- Any neuropathic process that has predominant effects on the autonomic nervous system
- Process targets small unmyelinated or lightly myelinated peripheral nerves.
- Most of the time, it is caused by diabetes mellitus, which plays a key role in the morbidity and mortality of type 1 and type 2 diabetics.
- Approximately 7% of diabetics have signs of autonomic neuropathy at the time of diagnosis of diabetes.
- Approximately 2% of type 2 and 6% of type 1 diabetics develop autonomic neuropathy each year.
- The prevalence of diabetic autonomic neuropathy is estimated at 20% of diabetics.
- Affects slightly >5 million people in the United States
- The prevalence of all other causes of autonomic neuropathy is significantly lower.
Etiology and Pathophysiology
Autonomic neuropathy can be secondary to diabetes, hypothyroidism, amyloidosis, Guillain-Barré syndrome and other primary neuropathic processes, Parkinson disease, paraneoplastic syndromes, infectious diseases, collagen vascular diseases, nutritional deficiency, and toxic exposures (1).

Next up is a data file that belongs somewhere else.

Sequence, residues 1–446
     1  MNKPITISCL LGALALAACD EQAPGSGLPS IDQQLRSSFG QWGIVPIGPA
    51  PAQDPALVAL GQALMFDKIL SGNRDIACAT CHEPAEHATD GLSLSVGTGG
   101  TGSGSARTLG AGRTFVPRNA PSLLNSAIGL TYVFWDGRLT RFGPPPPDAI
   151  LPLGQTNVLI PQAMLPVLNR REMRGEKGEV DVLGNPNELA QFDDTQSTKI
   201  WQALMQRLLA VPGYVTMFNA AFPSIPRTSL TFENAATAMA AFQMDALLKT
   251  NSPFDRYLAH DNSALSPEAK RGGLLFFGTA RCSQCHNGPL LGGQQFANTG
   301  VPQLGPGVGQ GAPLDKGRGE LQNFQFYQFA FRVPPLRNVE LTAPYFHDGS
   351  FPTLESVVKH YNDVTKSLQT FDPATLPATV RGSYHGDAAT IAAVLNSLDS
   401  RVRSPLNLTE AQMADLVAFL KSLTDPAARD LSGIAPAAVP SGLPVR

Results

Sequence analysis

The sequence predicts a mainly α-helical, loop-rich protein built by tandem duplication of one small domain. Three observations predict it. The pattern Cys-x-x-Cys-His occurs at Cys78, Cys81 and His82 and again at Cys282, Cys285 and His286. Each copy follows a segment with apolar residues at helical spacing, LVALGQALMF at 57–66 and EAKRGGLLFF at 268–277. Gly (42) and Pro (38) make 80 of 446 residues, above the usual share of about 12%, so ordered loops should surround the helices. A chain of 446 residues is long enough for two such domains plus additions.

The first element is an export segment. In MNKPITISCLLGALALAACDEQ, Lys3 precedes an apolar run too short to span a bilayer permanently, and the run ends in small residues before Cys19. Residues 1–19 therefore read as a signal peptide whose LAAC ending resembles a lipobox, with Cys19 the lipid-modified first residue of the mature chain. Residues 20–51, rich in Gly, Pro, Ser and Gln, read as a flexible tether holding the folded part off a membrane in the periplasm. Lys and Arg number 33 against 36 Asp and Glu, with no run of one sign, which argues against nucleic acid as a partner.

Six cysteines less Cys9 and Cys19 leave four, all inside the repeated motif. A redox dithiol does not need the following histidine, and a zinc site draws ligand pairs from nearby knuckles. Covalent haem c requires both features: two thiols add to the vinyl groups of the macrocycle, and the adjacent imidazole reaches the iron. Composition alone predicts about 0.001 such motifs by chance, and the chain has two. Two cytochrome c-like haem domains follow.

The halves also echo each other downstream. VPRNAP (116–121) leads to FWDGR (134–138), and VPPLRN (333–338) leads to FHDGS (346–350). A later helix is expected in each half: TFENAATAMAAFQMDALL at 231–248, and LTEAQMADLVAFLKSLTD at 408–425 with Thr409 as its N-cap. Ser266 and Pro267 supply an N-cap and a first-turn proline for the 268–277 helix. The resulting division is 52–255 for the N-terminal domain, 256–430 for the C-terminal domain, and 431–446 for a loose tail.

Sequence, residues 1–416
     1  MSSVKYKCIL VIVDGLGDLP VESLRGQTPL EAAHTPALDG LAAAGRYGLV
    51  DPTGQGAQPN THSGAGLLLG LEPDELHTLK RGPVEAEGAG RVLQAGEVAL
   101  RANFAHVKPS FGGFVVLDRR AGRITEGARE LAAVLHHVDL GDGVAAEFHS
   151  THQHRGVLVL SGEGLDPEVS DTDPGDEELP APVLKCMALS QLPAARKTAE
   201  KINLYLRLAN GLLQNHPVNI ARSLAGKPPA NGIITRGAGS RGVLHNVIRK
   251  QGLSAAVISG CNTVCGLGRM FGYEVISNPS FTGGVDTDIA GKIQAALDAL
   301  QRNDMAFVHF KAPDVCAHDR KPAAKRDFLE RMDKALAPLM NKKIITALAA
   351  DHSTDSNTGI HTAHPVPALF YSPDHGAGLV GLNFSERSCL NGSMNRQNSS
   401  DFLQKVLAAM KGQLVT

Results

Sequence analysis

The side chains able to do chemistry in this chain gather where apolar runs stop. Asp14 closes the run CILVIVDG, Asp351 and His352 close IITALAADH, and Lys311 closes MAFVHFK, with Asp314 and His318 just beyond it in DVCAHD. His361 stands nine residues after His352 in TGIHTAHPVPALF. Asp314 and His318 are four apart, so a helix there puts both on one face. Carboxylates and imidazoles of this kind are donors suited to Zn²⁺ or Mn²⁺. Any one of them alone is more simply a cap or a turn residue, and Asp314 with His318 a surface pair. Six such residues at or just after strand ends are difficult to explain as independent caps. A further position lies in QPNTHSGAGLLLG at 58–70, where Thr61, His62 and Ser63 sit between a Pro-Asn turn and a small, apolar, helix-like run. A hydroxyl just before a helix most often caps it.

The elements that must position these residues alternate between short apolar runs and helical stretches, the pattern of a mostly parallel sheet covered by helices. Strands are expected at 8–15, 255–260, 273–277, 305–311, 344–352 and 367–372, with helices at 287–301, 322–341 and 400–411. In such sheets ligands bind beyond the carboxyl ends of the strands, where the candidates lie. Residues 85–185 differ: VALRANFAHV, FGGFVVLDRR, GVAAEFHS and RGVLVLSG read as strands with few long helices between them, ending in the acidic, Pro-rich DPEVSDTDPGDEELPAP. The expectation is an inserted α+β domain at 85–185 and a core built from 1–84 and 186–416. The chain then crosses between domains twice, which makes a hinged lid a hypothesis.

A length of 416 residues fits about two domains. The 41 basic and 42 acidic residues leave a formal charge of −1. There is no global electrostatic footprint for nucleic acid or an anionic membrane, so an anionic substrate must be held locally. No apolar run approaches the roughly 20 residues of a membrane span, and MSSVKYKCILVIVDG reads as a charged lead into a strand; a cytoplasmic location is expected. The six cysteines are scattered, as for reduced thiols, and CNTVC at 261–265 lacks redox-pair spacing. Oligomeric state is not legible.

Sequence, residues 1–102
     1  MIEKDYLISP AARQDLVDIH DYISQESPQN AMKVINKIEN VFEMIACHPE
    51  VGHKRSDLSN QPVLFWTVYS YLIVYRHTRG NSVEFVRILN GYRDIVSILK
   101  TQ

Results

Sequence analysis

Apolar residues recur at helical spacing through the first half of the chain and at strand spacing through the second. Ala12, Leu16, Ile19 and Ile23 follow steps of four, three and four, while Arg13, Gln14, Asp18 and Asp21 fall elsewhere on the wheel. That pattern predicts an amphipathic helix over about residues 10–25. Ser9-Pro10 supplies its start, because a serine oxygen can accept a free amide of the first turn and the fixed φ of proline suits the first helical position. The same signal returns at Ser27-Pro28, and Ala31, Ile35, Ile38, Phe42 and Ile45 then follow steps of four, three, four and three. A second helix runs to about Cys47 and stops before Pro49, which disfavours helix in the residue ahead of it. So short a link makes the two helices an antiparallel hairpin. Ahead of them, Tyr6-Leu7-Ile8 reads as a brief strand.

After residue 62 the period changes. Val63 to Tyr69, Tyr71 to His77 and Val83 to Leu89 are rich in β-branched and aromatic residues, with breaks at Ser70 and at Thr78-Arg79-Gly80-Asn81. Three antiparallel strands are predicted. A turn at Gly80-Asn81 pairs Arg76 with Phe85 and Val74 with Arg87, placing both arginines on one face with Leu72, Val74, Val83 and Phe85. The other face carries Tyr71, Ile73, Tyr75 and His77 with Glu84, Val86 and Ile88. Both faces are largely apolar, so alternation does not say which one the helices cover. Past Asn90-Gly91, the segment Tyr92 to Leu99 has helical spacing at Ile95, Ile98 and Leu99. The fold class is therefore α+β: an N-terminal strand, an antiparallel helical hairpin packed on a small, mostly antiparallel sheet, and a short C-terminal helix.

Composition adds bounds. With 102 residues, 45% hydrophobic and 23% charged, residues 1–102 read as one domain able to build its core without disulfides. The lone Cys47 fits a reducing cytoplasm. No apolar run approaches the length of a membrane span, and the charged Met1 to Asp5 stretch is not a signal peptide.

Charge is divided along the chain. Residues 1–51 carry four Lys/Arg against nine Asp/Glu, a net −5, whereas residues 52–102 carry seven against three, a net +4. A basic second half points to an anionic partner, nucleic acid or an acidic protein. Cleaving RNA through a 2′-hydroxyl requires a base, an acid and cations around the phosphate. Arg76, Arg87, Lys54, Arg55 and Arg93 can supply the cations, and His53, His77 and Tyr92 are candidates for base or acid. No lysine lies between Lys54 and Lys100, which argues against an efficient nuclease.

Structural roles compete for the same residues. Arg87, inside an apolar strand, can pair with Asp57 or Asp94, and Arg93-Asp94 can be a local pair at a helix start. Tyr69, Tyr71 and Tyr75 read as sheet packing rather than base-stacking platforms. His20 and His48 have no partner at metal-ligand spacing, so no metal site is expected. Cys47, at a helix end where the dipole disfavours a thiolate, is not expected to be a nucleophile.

Specific genetic syndromes associated with autonomic neuropathies often present in infancy with failure to thrive
Autonomic effects of diabetes are most common with long-standing and poorly controlled diabetes.
Exercise improves cardiac autonomic function in diabetic autonomic neuropathy and improves overall autonomic function in prediabetic patients.
Commonly Associated Conditions
- Because the autonomic neuropathy does not occur in isolation, signs of sensory neuropathy are common.
- Sensory neuropathies have autonomic effects that are often subclinical.
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